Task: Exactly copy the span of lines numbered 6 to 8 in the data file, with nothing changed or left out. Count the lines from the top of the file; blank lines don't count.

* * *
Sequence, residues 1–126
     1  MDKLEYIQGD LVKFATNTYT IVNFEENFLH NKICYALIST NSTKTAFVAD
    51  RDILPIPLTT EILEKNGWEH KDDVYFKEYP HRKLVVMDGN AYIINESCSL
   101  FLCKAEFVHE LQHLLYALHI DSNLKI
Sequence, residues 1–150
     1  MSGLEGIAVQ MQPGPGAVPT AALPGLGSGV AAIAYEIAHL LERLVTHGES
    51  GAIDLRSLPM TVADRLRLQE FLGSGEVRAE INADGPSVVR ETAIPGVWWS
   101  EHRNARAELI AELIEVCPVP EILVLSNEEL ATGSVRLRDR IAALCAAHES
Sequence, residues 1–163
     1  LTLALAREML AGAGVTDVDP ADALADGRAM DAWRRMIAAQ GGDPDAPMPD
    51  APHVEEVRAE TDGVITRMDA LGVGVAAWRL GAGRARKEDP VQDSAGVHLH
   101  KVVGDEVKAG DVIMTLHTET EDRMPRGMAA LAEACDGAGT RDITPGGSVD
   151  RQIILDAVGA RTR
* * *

     1  MSGLEGIAVQ MQPGPGAVPT AALPGLGSGV AAIAYEIAHL LERLVTHGES
    51  GAIDLRSLPM TVADRLRLQE FLGSGEVRAE INADGPSVVR ETAIPGVWWS
   101  EHRNARAELI AELIEVCPVP EILVLSNEEL ATGSVRLRDR IAALCAAHES